1-5-4-8-6-3-7-2

(right bank, front to rear cyls 1-2-3-4;  left bank, front to rear cyls 5-6-7-8)

(distributor rotation: clockwise)

PISTON TO WALL CLEARANCE…………0.003”

PISTON RING GAPS

OE…………Top 0.007 min, 2nd 0.007 min, oil rail 0.015 min

OUR RINGS….Top 0.019”, 2nd 0.014”, oil rail 0.015

FASTENER TORQUE VALUES

MAIN BOLTS……………..……105 ft-lbs

ROD BOLTS……………..……..45 ft-lbs (w/ARP moly) (not to exceed 0.0047″ stretch. Our rod bolts are ARP 8740  3/8” dia. x 1.600” shank length)

CYL HEAD BOLTS……….……60 ft-lbs (in three steps)

WATER PUMPS……………….. 23-28 ft-lbs

CAMSHAFT TIMING GEAR…..15-20 ft-lbs

INTAKE MANIFOLD BOLTS….12 ft-lbs, followed by a final 24 ft-lbs

TIMING COVER…………………15 ft-lbs

OIL PUMP TO BLOCK………12-15 ft-lbs

OIL PUMP COVER PLATE…..7-10 ft-lbs

OIL PUMP PICKUP…………..80 in-lbs

OIL PAN………………………… 15-18 ft-lbs

FLYWHEEL TO CRANK…….75-85 ft-lbs

EXHAUST MANIFOLD……..25-30 ft-lbs

WATER OUTLETS…………..12-15 ft-lbs

CLUTCH PRESSURE PLATE…..17-20 ft-lbs

BELLHOUSING TO BLOCK……37-42 ft-lbs

STARTER BOLTS……………….15-20 ft-lbs

OE MECH. FUEL PUMP……….6-9 ft-lbs

GEN/ALTERNATOR BRACKET…..55-70 ft-lbs

NOTE: The gasket set provided by Egge initially included copper head gaskets P/N 521-1 AND 521-2, which are intended for the standard bore size. Since I’m using +0.125” oversize Egge pistons  (3 5/16”), I needed the big-bore head gaskets. Best Gaskets offers both copper and graphtite head gaskets, so I opted for their Graphtite P/N 536 G 1 AND 536 G 2 (left and right). The difference in thickness: the copper gaskets measured about 0.060” crushed, while the Graphtite gaskets measured about 0.052” crushed.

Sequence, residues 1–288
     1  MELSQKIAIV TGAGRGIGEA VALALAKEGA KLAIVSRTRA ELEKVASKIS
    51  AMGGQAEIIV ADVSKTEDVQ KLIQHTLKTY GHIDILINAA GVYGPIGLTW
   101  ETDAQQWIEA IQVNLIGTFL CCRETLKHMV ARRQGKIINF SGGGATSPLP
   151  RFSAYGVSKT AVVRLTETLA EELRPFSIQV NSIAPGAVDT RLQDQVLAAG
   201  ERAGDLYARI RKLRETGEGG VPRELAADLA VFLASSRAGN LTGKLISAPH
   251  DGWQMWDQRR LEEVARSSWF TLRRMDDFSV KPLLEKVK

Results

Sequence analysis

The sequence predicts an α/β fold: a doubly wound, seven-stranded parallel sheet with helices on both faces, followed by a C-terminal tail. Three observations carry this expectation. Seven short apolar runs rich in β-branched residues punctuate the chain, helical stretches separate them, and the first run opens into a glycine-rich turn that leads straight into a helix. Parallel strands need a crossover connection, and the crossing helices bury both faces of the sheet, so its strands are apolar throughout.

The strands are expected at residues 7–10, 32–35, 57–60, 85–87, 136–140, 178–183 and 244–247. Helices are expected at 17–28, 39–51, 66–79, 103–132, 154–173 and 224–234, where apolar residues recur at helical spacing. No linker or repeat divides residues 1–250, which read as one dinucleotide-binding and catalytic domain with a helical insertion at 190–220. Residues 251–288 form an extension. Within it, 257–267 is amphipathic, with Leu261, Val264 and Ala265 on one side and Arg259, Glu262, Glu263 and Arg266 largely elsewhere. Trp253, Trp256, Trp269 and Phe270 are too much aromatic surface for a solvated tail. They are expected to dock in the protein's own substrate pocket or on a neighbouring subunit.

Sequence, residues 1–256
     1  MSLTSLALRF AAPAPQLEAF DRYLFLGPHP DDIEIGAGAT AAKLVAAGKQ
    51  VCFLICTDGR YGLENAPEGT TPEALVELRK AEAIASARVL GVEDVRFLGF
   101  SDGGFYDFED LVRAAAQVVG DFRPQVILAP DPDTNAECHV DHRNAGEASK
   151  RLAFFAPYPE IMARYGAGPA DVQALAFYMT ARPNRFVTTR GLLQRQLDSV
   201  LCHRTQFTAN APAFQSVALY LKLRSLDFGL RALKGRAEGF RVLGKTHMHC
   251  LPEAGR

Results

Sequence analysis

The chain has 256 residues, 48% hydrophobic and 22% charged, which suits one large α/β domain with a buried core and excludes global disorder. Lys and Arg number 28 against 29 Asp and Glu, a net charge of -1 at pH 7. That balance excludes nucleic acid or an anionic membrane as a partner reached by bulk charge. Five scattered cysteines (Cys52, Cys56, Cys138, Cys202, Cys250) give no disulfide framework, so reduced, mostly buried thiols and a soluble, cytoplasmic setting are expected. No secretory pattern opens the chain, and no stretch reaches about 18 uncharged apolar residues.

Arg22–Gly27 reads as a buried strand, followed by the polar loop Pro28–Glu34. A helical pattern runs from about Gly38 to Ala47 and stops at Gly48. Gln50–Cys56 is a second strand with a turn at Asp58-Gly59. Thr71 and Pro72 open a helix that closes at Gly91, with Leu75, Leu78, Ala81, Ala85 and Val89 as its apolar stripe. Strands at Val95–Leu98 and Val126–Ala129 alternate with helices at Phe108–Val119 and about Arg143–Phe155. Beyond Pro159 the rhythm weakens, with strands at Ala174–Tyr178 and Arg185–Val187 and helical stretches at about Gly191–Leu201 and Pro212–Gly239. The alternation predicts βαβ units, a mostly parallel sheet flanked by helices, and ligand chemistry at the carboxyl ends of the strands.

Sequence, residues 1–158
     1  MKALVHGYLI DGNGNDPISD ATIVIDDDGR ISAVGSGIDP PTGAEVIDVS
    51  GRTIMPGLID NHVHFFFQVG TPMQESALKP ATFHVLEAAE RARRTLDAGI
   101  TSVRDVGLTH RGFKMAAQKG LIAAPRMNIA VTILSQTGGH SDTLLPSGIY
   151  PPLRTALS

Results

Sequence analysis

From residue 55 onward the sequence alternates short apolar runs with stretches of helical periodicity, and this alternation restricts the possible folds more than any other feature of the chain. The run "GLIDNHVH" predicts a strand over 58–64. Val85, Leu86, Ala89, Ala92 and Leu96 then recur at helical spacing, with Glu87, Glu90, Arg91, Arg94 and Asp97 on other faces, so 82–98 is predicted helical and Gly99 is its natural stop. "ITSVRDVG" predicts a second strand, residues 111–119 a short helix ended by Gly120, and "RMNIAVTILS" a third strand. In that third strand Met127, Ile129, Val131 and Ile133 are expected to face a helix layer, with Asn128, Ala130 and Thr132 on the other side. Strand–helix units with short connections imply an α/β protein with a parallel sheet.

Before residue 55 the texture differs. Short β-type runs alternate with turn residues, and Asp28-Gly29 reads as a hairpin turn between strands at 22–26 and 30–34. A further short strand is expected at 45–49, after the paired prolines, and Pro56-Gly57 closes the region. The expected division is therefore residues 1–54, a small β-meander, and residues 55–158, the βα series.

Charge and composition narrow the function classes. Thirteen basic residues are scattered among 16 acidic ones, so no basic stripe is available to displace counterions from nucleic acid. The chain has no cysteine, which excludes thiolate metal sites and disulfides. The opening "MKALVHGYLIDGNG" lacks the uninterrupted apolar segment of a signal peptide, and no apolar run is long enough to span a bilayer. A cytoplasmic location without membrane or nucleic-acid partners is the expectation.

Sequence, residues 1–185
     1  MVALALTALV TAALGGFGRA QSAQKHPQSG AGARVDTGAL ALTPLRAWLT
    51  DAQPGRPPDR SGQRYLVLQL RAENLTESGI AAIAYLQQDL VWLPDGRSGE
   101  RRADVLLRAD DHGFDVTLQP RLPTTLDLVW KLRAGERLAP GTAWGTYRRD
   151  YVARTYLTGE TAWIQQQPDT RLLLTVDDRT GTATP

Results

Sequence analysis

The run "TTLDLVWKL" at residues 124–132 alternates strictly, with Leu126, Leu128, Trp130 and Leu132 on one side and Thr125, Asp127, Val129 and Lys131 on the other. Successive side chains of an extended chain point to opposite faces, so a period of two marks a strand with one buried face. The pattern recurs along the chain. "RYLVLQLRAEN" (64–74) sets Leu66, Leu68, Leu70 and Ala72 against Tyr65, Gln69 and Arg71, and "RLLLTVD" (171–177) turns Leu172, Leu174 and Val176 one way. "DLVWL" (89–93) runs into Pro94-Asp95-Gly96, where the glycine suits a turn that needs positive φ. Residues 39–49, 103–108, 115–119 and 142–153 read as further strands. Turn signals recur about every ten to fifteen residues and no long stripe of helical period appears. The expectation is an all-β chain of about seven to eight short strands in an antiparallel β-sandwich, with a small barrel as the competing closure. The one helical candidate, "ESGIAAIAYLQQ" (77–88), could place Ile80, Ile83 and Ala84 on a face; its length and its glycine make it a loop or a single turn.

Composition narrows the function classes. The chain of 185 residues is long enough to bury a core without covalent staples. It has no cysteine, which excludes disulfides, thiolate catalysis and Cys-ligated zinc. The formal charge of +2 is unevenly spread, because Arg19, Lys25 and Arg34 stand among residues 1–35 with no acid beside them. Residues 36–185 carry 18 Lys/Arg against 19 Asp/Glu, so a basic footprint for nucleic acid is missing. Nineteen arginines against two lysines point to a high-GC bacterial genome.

All parts (pistons, rods, rings, bearings, valves, guides, springs, retainers, guides, locks and spring clips were organized on our Lista workbench.

Once all rings were fitted to the cylinders for gap clearance, Each ring pack, piston and rod set was kept organized per cylinder location to avoid any mixing.  This provides a dedicated, pre-checked location for each cylinder’s components.

CYLINDER HEAD FITTING

Our Edelbrock heads, P/N 1115, feature 65cc chambers. During test fitting, with 0.060” copper head gaskets, we ran into a clearance issue (not uncommon with aftermarket pistons). After claying the piston dome and installing a copper head gasket and an Edelbrock head, the piston contacted the head, preventing the piston from reaching TDC. I removed the head and began measuring.

Our Edelbrock heads (65cc chambers) feature chambers with a 0.212″ center depth and a bowl radius of 6.974″. By the way, I checked combustion chamber volume using our Goodson burette, and each CNC-machined chamber did measure at exactly 65cc.

During test fitting (using checking clay), the piston dome centers contacted the head chambers, preventing full piston rise to TDC. The clay thickness illustrates a difference in piston dome radius as compared to head chamber bowl radius.

With a piston precisely at TDC, the center of the piston dome measured 0.304” above block deck. Our head chambers (at center) measured 0.200” deep (leaving about 0.104” difference).

Factoring in the 0.060”-thick copper head gasket, we would need to relieve the head chamber by about 0.044” in order to hit zero clearance. To achieve a desired 0.050” piston to head clearance, we would need to relieve the chambers by about 0.094”.

When discussing this with Armin at Best Gaskets, he suggested using their graphtite gaskets P/N 536 G 1 (LH) and 536 G 2 (RH) instead of copper for performance use. The graphtite gaskets measure about 0.052” thick (crushed).

Our choices included either relieving the cylinder head chambers or cutting the pistons. The easy (and least expensive) route was to have the piston domes cut down on a CNC lathe.

A visit to G.L. Heller Co. in Whitehouse, OH solved the problem in short order. The talented boys at Heller plotted the radius of the head chamber bowls and the radius of the piston domes (since the pistons were to be cut anyway, we decided to match the piston radius to the chamber radius). Using their CMM (computer modeling machine), the head chamber bowls were measured at a radius of 6.974” and a center depth of 0.212”. The Egge domed pistons featured an original radius of 5.304”. After cutting the piston domes on their CNC lathe, the finished piston domes now feature a radius of 6.985” (the dome height was reduced at the center, tapering out to a zero cut, with the cut stopping about 0.100” short of the outer edge.